One of the most persistent myths about Windows is that you need to reinstall the operating system regularly to keep it running at top performance. Let’s take a look at the real problem and how to fix it.
Today we’re talking about the myth that Windows slows down over time, and how to solve the problem. The reality is that Windows doesn’t slow down if you just take care of your PC a little more. Follow these procedures, and you won’t have to wonder if spending hours backing up data, installing from disc, and re-installing your essential applications is really necessary.
What Does Slow Windows Down Over Time?
I’m not going to sit here and tell you that your Windows PC will never slow down — because for many people, they almost always do. What actually slows your PC down are too many poorly written applications that stay resident in memory and waste CPU cycles, having too many badly written low-level applications that hook into Windows, or running more than one antivirus application at a time. And of course, if you’ve run your PC’s hard drive out of space, you can hardly blame Windows for that.
If you aren’t getting the picture, the problem is usually the person behind the keyboard that installed too many junk applications in the first place. More gently put, it’s often that (very well-meaning) person’s gradual easing of their safeguards and cleaning regimens as time goes by.
Stop Installing Junk Applications
Installing software should be thought of like feeding your PC. If you constantly feed your PC garbage apps, it’s going to get sick and won’t be able to run fast anymore. These poorly written applications clutter your drive with unnecessary DLL files, add always-resident Windows services when they don’t need to, bloat up your registry, and add useless icons to your system tray that waste even more memory and CPU cycles. Usually you can get away with using a few terrible applications, but as you continue to install more and more of them, your PC will slow down to a crawl.
Be Smarter About What You Do Install
Here’s a few tips to help you know what applications you should be careful with:
- Apps that function as an Explorer plug-in, because they directly hook into the shell and any problem will make your entire PC slow or in the worst case, crash repeatedly.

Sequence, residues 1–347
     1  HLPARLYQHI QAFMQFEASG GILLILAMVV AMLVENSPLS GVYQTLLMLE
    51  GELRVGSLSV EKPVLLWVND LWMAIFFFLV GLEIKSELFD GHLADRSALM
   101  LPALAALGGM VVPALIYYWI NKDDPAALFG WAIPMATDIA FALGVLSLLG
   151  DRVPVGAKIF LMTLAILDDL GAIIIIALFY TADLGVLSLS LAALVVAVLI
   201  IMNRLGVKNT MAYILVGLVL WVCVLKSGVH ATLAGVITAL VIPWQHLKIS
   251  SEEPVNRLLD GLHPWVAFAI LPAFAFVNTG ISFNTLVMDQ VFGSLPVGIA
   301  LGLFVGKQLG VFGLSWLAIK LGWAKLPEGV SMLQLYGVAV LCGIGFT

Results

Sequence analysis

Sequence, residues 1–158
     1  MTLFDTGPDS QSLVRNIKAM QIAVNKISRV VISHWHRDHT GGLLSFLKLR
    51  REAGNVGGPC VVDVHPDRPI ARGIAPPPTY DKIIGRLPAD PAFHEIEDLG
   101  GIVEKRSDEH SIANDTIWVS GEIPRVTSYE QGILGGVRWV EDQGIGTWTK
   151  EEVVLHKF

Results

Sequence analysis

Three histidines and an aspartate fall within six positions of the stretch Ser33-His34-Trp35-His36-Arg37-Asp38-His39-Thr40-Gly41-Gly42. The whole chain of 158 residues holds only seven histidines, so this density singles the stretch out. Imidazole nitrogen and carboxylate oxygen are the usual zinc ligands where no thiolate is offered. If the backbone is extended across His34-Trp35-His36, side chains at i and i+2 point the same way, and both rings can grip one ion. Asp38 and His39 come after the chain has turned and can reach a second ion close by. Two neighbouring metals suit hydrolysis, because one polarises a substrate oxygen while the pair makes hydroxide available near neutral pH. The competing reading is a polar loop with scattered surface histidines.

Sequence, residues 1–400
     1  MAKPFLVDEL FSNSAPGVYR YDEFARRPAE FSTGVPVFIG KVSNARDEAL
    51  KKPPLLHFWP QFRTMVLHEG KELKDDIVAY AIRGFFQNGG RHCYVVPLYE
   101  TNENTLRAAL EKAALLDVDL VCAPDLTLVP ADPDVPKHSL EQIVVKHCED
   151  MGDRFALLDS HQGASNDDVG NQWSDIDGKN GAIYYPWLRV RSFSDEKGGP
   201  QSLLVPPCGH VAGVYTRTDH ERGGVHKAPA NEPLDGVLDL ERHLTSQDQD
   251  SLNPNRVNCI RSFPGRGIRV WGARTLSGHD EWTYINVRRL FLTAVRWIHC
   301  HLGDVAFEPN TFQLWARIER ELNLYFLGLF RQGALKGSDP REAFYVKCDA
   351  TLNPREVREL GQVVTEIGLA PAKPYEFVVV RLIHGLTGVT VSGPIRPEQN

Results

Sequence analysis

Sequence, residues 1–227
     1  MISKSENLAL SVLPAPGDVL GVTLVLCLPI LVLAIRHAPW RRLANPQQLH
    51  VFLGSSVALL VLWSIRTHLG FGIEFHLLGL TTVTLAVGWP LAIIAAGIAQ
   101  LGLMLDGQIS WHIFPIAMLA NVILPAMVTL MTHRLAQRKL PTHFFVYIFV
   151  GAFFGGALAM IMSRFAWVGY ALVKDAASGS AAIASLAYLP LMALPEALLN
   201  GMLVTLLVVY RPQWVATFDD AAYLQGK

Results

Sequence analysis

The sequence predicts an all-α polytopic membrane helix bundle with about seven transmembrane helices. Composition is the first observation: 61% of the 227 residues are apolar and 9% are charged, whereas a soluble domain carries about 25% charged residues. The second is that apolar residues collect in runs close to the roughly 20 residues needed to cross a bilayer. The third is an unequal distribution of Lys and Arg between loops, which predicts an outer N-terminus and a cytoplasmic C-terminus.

- Antivirus applications are notorious for slowing your PC down, and you should never, ever, ever use more than one real-time antivirus application at a time. We recommend Microsoft Security Essentials as a free, fast and awesome antivirus tool.
- Anything that says it will “Speed Up Your PC” or “Optimise Your RAM” will most likely slow it down, or best case, do nothing at all. Avoid these like the plague.
- Make sure to install official system drivers from the manufacturer website. Drivers have a huge impact on performance, and you want to have stable, updated drivers.
- Registry cleaners are a mixed bag, and really aren’t going to speed up your PC in most cases. The biggest problem, however, is that too many of the commercial registry cleaners set themselves to run at startup in the system tray, wasting your memory and CPU cycles.
- You should strongly consider the idea of using portable applications wherever possible, since their self-contained nature means they won’t clutter up the rest of your PC with things you don’t need.
Keep Your Computer Clean And Trim
Since CCleaner is only going to clean up temporary files, you’ll still need a good solution for keeping the rest of your PC clean-and Lifehacker’s own Belvedere can help you automate your self-cleaning PC or automatically clean up your download folder.
With all of this automated file deletion going on, your hard drive is likely to get a bit fragmented. If you’re already running Windows 7 or Vista, automatic defrag comes out of the box and probably shouldn’t be messed with, but Windows XP users will need to use Windows Tasks to setup a schedule and automatically defrag their drives.
Use A Virtual Machine Or Sandbox To Test Software
So what about you? Do you always take the reinstall route, or have you devised your own best maintenance practices? Share your experience in the comments.